Descent of Species – David Eaglemann


horse head2Human history is filled with examples of institutions built upon a faulty premise of how the world is, how it exists to serve us. It can seems that human’s favourite way of dealing with uncertainty is to build up an illusion of knowing. That’s fine but it does become problematic when we forget that we are kidding ourselves and we cling to tightly to  the story we created and can’t let go.

It becomes problematic when we can see clearly that the old, best explanation we could come up with at the time is something we cannot possibly let go of because that would show that , well, we were wrong. Institutions we build tend to have a hard time admitting they are, or have been  wrong – since their whole purpose is to project certainty – they’re usually built to build up an image that they couldn’t possibly be wrong.

Science was intended to get us away from the powerful few telling us all what is correct to believe and persecuting those who hold a differing ideas. Yet we insist on building new institutions that keep trying to claim for themselves the right of ownership over ruth.

Well, some scientists are true to the spirit of not knowing that science is really not about knwing but about not knowing  – and some are able to use their imagination too, to remind us of what we remain a long journey away from knowing.

David Eaglemann is one such scientist and in his book SUM – forty tales from the afterlife offers us handfuls of wonderfully imagined, beautifully written glimpses from different worlds of knowing.  We can continue to kid ourselves that we are on the brink of unlocking the vital secrets tha prove we are the masters of the universe. Or we can remind oursleves to be humble, a mere a tiny part of the universe; and that really, despite everything that we have learned, really we know very, very little, and that what we have forgotten may just be as important than as what we are about to discover.

This one is my favourite…

SUM - Forty tales from the afterlivesDescent of Species

David Eagleman

from:
SUM forty tales from the afterlives

In the afterlife, you are treated to a generous opportunity: you can choose whatever you would like to be in the next life. Would you like to be a member of the opposite sex? Born into royalty? A philosopher with bottomless profundity? A soldier facing triumphant battles? But perhaps you’ve just returned here from a hard life. Perhaps you were tortured by the enormity of the decisions and responsibilities that surrounded you, and now there’s only one thing you yearn for: Simplicity. That’s permissible. So for the next round, you choose to be a horse. You covet the bliss of that simple life: afternoons of grazing in grassy fields, the handsome angles of your skeleton and the prominence of your muscles, the peace of the slow-flicking tail or the steam rifling through your nostrils as you lope across snow-blanketed plains.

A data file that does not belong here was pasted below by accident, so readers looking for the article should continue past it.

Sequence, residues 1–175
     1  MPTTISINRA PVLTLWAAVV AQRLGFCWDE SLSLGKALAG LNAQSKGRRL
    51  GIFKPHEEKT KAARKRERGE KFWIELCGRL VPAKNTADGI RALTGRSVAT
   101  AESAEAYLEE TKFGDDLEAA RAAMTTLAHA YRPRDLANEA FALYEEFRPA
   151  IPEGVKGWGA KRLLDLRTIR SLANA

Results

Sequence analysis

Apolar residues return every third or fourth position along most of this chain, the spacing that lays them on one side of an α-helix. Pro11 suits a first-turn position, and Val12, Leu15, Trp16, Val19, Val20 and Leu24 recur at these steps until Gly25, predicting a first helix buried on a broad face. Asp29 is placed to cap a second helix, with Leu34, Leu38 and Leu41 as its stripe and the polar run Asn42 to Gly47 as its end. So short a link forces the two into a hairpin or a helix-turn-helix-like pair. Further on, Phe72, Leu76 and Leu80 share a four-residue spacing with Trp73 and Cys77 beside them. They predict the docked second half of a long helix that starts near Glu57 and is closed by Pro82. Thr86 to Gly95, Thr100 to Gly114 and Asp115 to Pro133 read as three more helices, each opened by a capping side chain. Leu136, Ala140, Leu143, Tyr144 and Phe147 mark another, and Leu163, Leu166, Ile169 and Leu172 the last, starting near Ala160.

You announce your decision. Incantations are muttered, a wand is waved, and your body begins to metamorphose into a horse. Your muscles start to bulge; a mat of strong hair erupts to cover you like a comfortable blanket in winter. The thickening and lengthening of your neck immediately feels normal as it comes about. Your carotid arteries grow, in diameter, your fingers blend hoofward, your knees stiffen, your hips strengthen, and meanwhile, as your skull lengthens into its new shape, your brain races in its changes: your cortex retreats as your cerebellum grows, the homunculus melts man to horse, neurons redirect, synapses unplug and re-plug on their way to equestrian patterns, and your dream of understanding what it is like to be a horse gallops toward you from the distance, Your concern about human affairs begins to slip away, your cynicism about human behavior melts, and even your human way of thinking begins to drift away from you, Suddenly, for just a moment, you are aware of the problem you overlooked. The more you become a horse, the more you forget the original wish. You forget what it was like to be a human wondering what it was like to be a horse.

This moment of lucidity does not last long. But it serves as the punishment for your sins, a Promethean entrails-pecking moment, crouching half-horse half-man, with the knowledge that you cannot appreciate the destination without knowing the starting point; you cannot revel in the simplicity unless you remember the alternatives.

And that’s not the worst of your revelation. You realize that the next time you return here, with your thick horse brain, you won’t have the capacity to ask to become a human again. You won’t understand what a human is. Your choice to slide down the intelligence ladder is irreversible. And just before you lose your final human faculties, you, painfully ponder what magnificent extraterrestrial creature, enthralled with the idea of fin ding a simpler life, chose in the last round to become a human.

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